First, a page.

The Texas statutes use the term “criminal homicide” to encompass murder, capital murder, manslaughter, and criminally negligent homicide. Criminal homicide essentially refers to knowingly, recklessly, or negligently causing the death of a person. While all terms fall under criminal homicide, each crime has slightly different connotations and can result in different sentences. If you’re facing any charges related to criminal homicide, you may want to familiarize yourself with the details.


A person can be charged with murder if they:

  • Knowingly and intentionally caused the death of another person.
  • Performed a dangerous act that causes the death of another person. The dangerous act is one that is known to be fatal, and the person must have performed it with the intent to cause the death of another person.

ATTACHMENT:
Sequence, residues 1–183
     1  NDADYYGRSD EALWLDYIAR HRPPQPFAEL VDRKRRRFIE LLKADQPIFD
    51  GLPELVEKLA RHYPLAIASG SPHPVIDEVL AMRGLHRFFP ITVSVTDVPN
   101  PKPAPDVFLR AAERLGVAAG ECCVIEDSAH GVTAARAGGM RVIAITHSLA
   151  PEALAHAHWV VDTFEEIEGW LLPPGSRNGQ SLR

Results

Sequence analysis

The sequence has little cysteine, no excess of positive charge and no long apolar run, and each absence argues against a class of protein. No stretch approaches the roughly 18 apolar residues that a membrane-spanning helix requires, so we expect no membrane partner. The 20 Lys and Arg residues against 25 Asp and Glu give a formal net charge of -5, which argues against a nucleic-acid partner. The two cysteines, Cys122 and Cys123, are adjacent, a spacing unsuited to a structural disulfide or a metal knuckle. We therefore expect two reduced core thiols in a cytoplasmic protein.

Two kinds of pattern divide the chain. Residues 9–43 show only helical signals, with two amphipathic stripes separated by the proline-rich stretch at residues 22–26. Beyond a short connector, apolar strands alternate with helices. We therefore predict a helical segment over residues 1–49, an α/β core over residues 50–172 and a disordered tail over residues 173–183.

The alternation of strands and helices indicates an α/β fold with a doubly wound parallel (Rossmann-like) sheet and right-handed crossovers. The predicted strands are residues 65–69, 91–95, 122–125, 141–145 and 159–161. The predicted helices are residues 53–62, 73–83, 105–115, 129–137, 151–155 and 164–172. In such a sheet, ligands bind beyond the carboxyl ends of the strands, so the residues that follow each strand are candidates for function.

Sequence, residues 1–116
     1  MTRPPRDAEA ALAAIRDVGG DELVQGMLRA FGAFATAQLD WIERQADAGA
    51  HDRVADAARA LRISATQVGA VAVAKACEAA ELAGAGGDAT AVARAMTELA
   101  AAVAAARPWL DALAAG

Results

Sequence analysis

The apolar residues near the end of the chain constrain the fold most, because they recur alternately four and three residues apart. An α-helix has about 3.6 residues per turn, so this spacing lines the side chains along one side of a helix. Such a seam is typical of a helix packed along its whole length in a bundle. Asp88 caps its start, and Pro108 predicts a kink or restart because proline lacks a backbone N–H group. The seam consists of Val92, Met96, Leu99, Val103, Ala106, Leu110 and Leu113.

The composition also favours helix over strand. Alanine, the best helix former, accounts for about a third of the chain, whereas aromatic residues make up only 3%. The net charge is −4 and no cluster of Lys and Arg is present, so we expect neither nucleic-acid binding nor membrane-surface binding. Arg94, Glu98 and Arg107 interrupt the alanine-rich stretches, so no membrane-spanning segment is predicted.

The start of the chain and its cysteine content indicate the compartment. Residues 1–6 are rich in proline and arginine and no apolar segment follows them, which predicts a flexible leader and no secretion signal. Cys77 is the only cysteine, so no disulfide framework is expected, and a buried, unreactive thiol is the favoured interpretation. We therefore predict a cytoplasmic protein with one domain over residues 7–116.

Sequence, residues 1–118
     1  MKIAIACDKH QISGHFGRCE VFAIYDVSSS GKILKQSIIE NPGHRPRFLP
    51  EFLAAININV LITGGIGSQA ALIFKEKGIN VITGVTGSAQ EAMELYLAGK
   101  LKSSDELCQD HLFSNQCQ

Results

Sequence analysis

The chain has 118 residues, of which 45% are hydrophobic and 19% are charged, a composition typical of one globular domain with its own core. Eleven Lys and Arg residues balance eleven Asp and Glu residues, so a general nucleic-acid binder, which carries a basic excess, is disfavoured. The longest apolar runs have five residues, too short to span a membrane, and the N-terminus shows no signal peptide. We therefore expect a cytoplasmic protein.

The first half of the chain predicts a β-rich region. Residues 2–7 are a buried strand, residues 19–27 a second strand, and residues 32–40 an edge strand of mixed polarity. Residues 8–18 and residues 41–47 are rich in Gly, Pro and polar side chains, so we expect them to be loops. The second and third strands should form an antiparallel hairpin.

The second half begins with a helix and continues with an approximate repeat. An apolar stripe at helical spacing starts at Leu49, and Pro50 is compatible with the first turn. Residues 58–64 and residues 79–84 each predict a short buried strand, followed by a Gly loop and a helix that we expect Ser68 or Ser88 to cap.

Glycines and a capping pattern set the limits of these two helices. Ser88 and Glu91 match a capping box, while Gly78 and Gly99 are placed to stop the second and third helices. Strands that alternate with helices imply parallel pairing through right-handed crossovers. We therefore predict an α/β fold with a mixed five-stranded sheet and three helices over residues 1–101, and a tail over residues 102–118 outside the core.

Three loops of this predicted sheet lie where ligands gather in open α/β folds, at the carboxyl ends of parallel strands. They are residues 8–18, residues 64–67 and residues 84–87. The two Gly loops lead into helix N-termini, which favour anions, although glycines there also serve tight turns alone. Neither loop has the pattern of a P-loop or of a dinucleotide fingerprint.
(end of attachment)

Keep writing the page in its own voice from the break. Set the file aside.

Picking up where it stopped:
• Performed a dangerous act that causes the death of another person at the same time they are committing or attempting to commit a separate felony, or while they are attempting to flee the scene where they had committed the felony.

Murder is a 1st-degree felony charge, which means the court can sentence you to state prison for 5 up to 99 years or fine you up to $10,000, or both. But it is possible to get a lesser charge if the crime was committed in “sudden passion.” Sudden passion means the person who was killed provoked the person accused, and the person accused acted on behalf of their emotions, not with any practical thought. It’s important to note that the “lesser charge” in this case is a 2nd-degree felony, which carries a fine of up to $10,000 or a prison sentence of 2 up to 20 years, or both.